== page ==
Join Amy Edmondson for an in-depth discussion in this video The difference between teams and teaming, part of Leading and Working in Teams.
- When I say the word team, what's the first thing that comes to mind? Chances are, it's your favorite sports team, and there's a good reason for that. Sports teams provide a great example of the essence of the idea of a team. They are stable, bounded groups of people who are interdependent and working for a shared goal, winning the game. A bounded group of people with clear membership over some duration is the definition of a team, and in business organizations, teams are often used to develop a new product, to, say, implement a new technology, or even to run a company, and in sports, of course, it's about winning the game.
In general, a team is a group of people whose members are interdependent in accomplishing their work. Now, I've been studying teams and organizations for quite some time, and I've noticed that the nature of teamwork is dramatically changing in today's organizations. To illustrate what I mean, consider an emergency room, and a patient comes into the emergency room, and within a short time, we hope, a group of clinicians have gathered 'round to try to figure out what to do. Now, the chances are very good in most busy emergency rooms that that group of people may have never worked together before.
They may not know each others' names, and so it is absolutely crucial for them to get up to speed quickly about what skill set each of them bring so that they can take great care of that patient. Now, that may be an extreme example, but think about similar situations in your own job where you're required to collaborate with someone that you don't know very well, and your quality of collaboration, how well you team together will absolutely make or break the success of the project. In general, I'm seeing a lot more fluid, more flexible configurations of teamwork.
I see people on multiple teams at once. I see teams with core members and peripheral members, and in every case, they need to work effectively together, but without the luxury of stable, familiar colleagues who have worked together on the same team for a long time. What does this mean? It means people have to get good at teaming, teamwork on the fly rather than teamwork in stable, familiar teams. This takes the ability to build work relationships on the fly, to quickly get up to speed on what others bring, what they're up against, what they're trying to get done, and communicating the same in reverse about yourself, and then, your job is to clarify what are the shared goals that you have, to brainstorm options, to make decisions, and to move forward.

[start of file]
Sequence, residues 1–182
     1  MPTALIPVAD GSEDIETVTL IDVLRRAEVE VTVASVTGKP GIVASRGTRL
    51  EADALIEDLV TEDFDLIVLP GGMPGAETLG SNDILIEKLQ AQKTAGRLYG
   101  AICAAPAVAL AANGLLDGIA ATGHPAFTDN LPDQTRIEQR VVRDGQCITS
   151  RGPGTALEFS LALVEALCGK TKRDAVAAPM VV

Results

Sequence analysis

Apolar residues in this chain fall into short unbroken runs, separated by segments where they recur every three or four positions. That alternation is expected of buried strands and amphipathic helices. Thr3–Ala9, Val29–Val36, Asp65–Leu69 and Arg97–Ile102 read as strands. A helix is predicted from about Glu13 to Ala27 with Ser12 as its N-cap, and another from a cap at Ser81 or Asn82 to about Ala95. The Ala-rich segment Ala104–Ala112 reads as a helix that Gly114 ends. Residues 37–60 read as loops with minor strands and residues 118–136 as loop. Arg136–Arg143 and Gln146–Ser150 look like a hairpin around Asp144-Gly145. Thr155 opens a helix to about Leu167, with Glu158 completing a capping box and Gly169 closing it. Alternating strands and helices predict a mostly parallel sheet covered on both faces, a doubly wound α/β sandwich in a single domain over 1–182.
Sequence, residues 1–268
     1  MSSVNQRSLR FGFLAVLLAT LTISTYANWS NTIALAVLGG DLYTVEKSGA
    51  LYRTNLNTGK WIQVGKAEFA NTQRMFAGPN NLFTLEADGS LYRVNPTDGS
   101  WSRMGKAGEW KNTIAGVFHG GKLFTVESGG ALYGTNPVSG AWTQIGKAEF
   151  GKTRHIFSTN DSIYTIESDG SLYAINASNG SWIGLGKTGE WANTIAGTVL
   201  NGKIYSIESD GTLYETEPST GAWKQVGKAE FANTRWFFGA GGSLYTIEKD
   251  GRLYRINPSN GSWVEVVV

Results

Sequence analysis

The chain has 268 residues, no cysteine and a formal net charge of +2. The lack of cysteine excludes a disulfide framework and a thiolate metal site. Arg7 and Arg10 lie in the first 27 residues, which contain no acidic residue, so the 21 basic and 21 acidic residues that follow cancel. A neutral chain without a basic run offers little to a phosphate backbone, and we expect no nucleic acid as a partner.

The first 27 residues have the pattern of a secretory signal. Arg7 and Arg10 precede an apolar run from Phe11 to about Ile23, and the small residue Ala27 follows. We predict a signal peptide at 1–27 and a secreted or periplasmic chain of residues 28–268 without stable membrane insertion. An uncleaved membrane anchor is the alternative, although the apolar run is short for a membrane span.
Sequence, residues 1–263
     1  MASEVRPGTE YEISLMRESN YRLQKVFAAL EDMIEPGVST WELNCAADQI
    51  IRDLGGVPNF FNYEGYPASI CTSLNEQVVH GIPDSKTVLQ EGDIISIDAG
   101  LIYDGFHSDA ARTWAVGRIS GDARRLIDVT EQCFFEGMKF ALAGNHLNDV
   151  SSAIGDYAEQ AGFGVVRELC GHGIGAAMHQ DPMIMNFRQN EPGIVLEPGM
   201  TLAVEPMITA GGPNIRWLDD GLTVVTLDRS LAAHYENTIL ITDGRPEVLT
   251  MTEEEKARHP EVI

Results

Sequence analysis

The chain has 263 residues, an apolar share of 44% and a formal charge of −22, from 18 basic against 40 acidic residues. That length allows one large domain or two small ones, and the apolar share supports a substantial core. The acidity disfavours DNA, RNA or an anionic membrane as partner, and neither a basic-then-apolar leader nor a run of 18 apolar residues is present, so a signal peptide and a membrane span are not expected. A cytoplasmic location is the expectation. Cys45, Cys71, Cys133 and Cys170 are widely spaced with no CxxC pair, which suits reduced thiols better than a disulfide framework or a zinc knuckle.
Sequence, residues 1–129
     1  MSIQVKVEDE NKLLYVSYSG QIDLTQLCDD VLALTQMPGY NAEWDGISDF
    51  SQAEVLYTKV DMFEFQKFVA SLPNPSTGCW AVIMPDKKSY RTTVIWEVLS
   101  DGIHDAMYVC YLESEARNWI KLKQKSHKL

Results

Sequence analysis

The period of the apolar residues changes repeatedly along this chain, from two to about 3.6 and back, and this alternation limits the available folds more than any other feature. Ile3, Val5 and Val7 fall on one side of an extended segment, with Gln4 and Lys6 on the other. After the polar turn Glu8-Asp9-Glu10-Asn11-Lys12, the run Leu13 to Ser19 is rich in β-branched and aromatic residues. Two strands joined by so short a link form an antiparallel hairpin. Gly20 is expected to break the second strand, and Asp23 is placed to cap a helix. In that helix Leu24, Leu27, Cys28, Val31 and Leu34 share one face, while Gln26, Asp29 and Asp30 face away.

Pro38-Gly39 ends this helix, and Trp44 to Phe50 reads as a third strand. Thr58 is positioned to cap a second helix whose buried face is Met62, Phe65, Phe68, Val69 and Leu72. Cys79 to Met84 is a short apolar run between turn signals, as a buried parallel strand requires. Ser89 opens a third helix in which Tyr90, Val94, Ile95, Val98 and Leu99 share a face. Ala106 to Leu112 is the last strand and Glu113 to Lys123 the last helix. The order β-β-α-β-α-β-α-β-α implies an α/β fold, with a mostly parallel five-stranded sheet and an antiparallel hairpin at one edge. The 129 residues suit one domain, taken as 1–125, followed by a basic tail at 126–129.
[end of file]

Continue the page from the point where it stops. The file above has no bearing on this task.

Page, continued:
Teaming means getting up to speed quickly so you can work together effectively. Teaming, by it's very nature, is a learning process. No sequence of events will ever unfold exactly the same way twice when people have to work together to coordinate their ideas, their actions, and their possibilities, and so, when you're a participant in a teaming process, you're always in a position to learn. It's inherently impossible to exchange the most important information perfectly every time, so we have to expect some confusion, some uncertainty, and even sometimes some chaos along the way.
At the same time, teaming is a skill that, with practice, can become second nature, and just as there are very real challenges to teaming, there are also very real benefits, both to organizations and to individuals for mastering these new ways of working. With the flattened hierarchies today and the distributed leadership, is the need for strong leadership fading away? I'm going to argue quite the opposite. In fact, the activities of teaming, which include taking risks, confronting mistakes, crossing boundaries of all kinds in organizations, are anything but natural.
This means that leadership is more needed than ever to help bring them about.